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Introduction to

the Transport
Layer

Transport level

Introduction to the Transport Layer

Telematics Engineering
Universitat Politecnica de Catalunya (UPC)

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Introduction to
the Transport
Layer

Outline

Transport level

1 Transport level

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Introduction to
the Transport
Layer

The Network Layer


The main goal of the network layer is homogenizing

Transport level

different data link layer technologies.


IP provides a best effort service for delivering

datagrams.
Datagrams are packets that:
Use IP addresses for identifying the source (NIC) and
the destination (NIC).
A datagram with the same pair of IP addresses can take
different routes.
Best effort:
IP networks do not guarantee a correct delivery of
datagrams: we may have incorrect or lost datagrams
and disorders.
It is said that IP does not offer Quality of Service (QoS).

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Introduction to
the Transport
Layer

Transport level

Transport Layer I
The main goal of the transport layer is to implement

communications between processes (applications).


These communications are also called end-to-end

communications.
Introduces the concept of PORT for multiplexing and

demultiplexing.
P2

P1

P3

P4

P5

P6

transport

transport

network

network

link

link
physical

host 1

Internet
Internet

physical

host 2

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Introduction to
the Transport
Layer

Transport Layer II

Transport level

Ports are used to mux/demux different transport

communications that can use the same IP source and


IP destination addresses.
Uses the network layer services.
Responsible for providing an interface to the processes

so they can send and receive data through the network.

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Introduction to
the Transport
Layer

Transport level

Multiplexing/Demultiplexing
Multiplexing:
Multiplexing is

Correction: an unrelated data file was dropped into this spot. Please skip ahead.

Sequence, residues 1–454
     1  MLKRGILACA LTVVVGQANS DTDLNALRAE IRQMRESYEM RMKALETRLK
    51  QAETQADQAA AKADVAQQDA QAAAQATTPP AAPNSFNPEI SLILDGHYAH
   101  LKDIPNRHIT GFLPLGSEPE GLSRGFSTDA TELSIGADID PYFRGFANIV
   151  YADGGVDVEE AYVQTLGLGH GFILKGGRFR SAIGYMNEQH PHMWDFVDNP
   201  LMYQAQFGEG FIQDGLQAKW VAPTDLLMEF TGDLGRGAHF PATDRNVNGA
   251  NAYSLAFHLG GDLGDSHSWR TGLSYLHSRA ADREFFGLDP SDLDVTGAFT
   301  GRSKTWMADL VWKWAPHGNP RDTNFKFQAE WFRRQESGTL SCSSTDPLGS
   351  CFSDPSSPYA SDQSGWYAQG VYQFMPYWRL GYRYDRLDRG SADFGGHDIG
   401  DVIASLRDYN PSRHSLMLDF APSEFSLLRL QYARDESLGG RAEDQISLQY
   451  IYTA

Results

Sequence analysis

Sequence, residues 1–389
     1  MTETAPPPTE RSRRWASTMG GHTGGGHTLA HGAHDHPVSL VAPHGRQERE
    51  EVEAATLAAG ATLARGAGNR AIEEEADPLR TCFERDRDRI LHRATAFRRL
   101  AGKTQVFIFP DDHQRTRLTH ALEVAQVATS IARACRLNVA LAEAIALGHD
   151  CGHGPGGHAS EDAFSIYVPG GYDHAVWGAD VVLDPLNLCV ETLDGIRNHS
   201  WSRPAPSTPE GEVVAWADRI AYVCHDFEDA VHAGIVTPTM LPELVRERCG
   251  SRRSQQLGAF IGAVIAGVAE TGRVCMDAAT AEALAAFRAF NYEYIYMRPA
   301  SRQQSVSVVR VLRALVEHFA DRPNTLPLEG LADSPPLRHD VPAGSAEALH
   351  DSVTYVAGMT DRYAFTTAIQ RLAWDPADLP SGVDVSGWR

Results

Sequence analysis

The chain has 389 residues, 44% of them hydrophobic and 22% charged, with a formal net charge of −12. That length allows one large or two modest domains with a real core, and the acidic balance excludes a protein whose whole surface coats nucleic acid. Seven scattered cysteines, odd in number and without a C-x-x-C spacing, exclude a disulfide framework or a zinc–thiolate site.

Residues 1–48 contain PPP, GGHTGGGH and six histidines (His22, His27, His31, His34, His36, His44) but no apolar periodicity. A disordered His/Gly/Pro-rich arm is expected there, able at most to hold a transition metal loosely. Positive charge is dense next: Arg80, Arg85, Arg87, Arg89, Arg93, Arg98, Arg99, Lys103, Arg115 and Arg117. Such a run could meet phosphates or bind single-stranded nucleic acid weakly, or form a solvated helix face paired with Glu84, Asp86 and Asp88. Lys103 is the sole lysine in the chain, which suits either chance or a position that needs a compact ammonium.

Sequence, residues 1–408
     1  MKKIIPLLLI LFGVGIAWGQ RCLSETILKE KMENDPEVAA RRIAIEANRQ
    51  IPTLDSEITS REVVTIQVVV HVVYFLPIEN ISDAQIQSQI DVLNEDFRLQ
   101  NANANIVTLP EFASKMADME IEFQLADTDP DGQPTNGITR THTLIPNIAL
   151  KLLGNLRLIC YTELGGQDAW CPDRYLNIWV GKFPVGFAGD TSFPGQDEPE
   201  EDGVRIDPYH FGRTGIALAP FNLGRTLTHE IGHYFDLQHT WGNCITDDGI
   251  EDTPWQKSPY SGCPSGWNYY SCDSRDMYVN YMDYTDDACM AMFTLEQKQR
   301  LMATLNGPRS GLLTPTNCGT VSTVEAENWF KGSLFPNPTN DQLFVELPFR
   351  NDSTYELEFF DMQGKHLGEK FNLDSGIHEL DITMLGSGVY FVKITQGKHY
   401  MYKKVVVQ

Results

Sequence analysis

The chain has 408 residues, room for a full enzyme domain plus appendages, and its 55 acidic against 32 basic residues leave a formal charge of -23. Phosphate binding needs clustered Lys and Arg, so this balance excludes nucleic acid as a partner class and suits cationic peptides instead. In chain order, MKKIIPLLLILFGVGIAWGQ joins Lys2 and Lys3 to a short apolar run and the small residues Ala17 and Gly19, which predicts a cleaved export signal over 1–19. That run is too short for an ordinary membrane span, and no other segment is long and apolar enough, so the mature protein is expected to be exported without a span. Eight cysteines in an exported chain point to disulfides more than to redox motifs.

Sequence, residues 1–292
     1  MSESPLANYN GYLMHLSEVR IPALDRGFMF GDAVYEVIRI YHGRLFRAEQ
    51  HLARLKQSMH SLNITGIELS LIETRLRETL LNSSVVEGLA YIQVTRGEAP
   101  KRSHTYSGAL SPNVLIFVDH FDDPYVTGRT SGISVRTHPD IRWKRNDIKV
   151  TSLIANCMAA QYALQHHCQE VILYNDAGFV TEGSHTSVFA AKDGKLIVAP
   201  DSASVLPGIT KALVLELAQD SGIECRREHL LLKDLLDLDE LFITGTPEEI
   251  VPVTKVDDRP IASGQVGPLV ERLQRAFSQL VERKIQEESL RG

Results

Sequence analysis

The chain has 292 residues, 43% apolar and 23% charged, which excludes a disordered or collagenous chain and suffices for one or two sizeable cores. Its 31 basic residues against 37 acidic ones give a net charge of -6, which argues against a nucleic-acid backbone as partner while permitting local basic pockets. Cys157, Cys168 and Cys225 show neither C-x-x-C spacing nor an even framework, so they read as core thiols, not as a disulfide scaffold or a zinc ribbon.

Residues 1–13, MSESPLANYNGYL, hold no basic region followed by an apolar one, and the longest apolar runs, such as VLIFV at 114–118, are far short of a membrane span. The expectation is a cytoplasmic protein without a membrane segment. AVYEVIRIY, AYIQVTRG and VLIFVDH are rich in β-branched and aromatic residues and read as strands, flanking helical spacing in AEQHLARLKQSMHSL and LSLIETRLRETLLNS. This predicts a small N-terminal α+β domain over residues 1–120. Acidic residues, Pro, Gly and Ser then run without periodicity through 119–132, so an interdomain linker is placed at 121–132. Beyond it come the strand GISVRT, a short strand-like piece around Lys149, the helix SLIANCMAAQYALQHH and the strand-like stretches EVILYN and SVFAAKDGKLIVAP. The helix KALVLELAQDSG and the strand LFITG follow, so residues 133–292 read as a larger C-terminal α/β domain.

performed by the
sender.
The sender includes a
destination port
number.
In this way, the
receiver can
demultiplex and deliver
the data to the correct
process. es is put
together and delivered
to the transport layer.
It must include the
necessary information
for demultiplexing.

Demultiplexing:
In reception.
Data from transport
layer is extracted and
delivered to the each
appropiate process.
It uses the information
included by the sender
to do so.

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Introduction to
the Transport
Layer

The Port

Transport level

The final recipient of an IP packet is not the network

card (with an associated @IP)


Is a running process (even ICMP).
In a host there must be multiple processes running.
OSs identify the processes (i.e. Linux PID).
On the netwoks field a new identifier that does not

depend on OS is assigned to the processes: the port.


The port is an integer locally assigned to a running

process that requires communication with another


process.
In TCP and UDP, ports are identifiers of 16 bits (see

headers).

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Introduction to
the Transport
Layer

Sockets

Transport level

A process has a unique identifier in an IP network

called socket.
Furthermore, a socket is defined by a network address

(ie. IP), a protocol (ie. TCP) and a port number (ie 80).
The socket is a way of uniquely identifying a process on

a network.
A connection between the two processes is identified

by two sockets.
(Source IP, source port, destination IP, destination port, protocol)

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Introduction to
the Transport
Layer

Client-Server Model

Transport level

Distributed communication system between multiple

processes.
Clients request services and Servers provide them.
Separates services by placing each one in the most

suitable platform.

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Introduction to
the Transport
Layer

Client

Transport level

Is the one who initiates requests (active or master).


Waits and gets the replies from the servers.
Usually, it can connect to multiple servers at the same

time.
Typically it interacts directly with end users by a

graphical user interface.


Communication parameters:
The local port is normally assigned dynamically.
The local network address is the output interface.
The port and remote network address must be known
(ie. web browsing).

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Introduction to
the Transport
Layer

Server

Transport level

At first they wait for client requests, they play a passive

role (slave).
After receiving a request, it is processed and then the

reply is sent back to the client.


Usually they accept connections from a large number

of clients (in some cases the maximum number of


requests may be limited).
Is not common that a server process interacts directly

with the end-user.


daemon type application.
Communication parameters:
Fixed port assignment (listen)

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Introduction to
the Transport
Layer

Transport Protocols

Transport level

User Datagram Protocol (UDP):


Unreliable.
No connection-oriented.
Transmission Control Protocol (TCP):
Reliable.
Connection-oriented.

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